Juror's collapse leads to mistrial in Weis case

BOSTON -- A judge declared a mistrial Tuesday in a medical
malpractice case brought by Notre Dame football coach Charlie Weis
after a juror collapsed and several doctors -- including the two
defendants -- rushed to his aid.

The juror, an unidentified older man, began moaning as he
listened to an expert testifying in defense of Massachusetts
General Hospital surgeons Charles Ferguson and Richard Hodin. Weis
claims they botched his care after gastric bypass surgery in June

The judge immediately ordered the other jurors out of the
courtroom, but some saw Ferguson, Hodin and other doctors who were
in the courtroom rush to the juror's aid.

An attorney for Weis said it was with "great reluctance" that
he ask for the mistrial in the case that was expected to go to the
jury Wednesday.

"I cannot think of an instance there would be more reason then
when a juror has this kind of incident," attorney Michael Mone
said, noting some jurors had seen the doctors attending to the

A lawyer for the doctors said a mistrial would be unfair to the
surgeons, who had rearranged their schedules to accommodate Weis,
who is in the offseason for football.

Judge Charles Spurlock, however, agreed that a mistrial was

"The integrity of the court is more important than schedules,"
Spurlock said.

The juror collapsed while listening to the testimony of Dr.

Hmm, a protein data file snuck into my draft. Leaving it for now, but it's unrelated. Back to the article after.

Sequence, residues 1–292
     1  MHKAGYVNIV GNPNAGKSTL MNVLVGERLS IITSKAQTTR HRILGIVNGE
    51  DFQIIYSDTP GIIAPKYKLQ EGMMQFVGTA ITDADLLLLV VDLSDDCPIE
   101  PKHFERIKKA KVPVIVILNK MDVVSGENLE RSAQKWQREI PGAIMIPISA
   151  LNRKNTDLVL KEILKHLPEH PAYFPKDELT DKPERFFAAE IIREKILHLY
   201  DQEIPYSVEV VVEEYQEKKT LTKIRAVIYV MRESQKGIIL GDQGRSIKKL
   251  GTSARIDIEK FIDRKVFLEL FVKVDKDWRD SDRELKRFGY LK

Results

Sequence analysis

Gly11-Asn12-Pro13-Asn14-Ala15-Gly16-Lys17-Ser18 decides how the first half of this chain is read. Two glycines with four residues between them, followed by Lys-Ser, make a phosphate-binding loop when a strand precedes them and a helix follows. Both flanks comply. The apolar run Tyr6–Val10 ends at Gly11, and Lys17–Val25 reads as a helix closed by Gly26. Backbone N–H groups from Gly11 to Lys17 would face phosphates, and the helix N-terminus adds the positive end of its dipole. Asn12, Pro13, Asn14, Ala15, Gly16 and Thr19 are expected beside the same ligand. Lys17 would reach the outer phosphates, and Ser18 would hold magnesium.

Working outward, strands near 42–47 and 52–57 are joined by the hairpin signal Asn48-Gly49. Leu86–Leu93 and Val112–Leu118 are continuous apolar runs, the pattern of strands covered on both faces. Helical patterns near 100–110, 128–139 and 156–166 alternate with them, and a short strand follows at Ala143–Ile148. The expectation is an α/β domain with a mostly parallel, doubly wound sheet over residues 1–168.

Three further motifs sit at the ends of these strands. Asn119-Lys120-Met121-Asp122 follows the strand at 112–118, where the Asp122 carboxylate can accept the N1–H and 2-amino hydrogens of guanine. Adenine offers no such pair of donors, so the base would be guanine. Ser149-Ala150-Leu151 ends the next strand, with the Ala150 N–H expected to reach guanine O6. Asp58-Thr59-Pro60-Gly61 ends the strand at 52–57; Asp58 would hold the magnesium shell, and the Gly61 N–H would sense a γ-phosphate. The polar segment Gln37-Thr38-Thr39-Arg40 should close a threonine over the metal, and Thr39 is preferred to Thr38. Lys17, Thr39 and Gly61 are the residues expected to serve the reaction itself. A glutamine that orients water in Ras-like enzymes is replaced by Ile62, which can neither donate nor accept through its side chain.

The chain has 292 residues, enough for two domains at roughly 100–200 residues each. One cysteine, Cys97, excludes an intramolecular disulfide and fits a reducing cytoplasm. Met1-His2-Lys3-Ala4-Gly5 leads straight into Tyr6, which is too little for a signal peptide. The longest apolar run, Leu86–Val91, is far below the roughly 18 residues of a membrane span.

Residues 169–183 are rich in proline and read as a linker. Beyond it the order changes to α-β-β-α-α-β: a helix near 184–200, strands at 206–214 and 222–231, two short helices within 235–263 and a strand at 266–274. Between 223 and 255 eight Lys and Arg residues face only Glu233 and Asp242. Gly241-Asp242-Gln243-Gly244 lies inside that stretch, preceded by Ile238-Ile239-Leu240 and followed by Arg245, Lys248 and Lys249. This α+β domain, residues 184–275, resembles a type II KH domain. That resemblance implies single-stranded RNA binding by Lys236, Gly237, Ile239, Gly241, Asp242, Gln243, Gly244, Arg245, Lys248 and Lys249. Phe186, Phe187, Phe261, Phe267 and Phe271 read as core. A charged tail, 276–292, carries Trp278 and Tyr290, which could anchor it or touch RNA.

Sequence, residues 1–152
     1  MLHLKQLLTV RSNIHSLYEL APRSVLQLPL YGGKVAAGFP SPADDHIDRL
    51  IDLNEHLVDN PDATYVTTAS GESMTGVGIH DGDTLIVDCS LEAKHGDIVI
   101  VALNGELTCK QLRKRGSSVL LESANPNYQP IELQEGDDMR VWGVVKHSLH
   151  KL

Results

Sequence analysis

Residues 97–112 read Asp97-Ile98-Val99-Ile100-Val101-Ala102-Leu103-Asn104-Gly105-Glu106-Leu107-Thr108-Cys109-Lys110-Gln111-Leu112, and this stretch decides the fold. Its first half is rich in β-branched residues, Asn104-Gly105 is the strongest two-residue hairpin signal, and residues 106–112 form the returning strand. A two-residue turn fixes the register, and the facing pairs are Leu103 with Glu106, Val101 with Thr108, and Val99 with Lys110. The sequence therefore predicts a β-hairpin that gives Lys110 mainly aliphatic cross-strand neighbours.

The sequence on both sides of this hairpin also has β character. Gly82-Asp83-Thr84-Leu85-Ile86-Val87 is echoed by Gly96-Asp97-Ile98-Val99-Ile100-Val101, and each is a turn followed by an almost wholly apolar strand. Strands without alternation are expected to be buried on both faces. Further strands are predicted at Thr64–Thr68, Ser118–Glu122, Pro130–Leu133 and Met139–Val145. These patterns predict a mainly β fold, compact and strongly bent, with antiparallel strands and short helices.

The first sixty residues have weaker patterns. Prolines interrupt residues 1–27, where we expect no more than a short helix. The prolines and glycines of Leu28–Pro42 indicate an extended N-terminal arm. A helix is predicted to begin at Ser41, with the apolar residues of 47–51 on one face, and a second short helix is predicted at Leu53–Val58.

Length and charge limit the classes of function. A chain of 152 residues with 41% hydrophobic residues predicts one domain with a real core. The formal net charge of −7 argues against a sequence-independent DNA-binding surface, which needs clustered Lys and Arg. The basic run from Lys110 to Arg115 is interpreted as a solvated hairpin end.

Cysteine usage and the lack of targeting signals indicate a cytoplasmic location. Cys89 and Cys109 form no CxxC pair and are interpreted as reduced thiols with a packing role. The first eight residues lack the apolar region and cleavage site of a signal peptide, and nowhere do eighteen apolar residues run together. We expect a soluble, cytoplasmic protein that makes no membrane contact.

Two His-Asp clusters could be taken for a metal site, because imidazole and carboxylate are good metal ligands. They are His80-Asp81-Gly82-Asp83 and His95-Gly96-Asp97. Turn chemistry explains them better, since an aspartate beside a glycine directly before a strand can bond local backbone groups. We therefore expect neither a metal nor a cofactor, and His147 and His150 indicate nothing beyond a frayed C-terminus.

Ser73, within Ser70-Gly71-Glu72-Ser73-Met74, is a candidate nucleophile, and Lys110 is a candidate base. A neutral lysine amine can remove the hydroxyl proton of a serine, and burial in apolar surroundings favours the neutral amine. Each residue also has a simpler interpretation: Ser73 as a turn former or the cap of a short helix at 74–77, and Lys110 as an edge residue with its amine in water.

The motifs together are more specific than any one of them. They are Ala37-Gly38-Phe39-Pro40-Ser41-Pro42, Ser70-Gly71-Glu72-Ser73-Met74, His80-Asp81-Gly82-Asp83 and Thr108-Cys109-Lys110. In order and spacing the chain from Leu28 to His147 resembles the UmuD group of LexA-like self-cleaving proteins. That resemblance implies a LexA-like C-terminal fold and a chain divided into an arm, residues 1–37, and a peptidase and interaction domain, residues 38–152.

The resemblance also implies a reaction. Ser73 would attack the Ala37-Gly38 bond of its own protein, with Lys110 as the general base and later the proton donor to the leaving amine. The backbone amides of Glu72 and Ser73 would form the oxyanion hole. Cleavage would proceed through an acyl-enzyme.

David Brooks, an expert who was saying the doctors acted
responsibly in their treatment of Weis.

Spectators were ordered out of the courtroom shortly after the
man fell ill. He was taken away in an ambulance; his condition and
identity were not immediately known.

Weis accuses Ferguson and Hodin of acting negligently by failing
to recognize life-threatening internal bleeding and infection after
his surgery.

The trial, which featured testimony from Patriots quarterback
Tom Brady, was entering its second week.

Spurlock consulted with both sets of lawyers and spoke to the
jurors after the man fell ill. One juror said he did not know if he
could put the incident out of his mind in his deliberations.

William Dailey Jr., the lawyer for the doctors, said he wanted
the trial to go on, saying a mistrial "would be terribly unfair to
these doctors."

"They responded the way they were trained to do," he said.
"They simply stood up and tried to help."

Dailey said he thought the case was going well.

"We were confident and were very optimistic there was going to
be a good result and that there would be no negligence found," he

Mone said Weis wanted to move forward with the case, which could
take months to reschedule.

"Mr. Weis is committed for this case to be tried to a
conclusion," the lawyer said.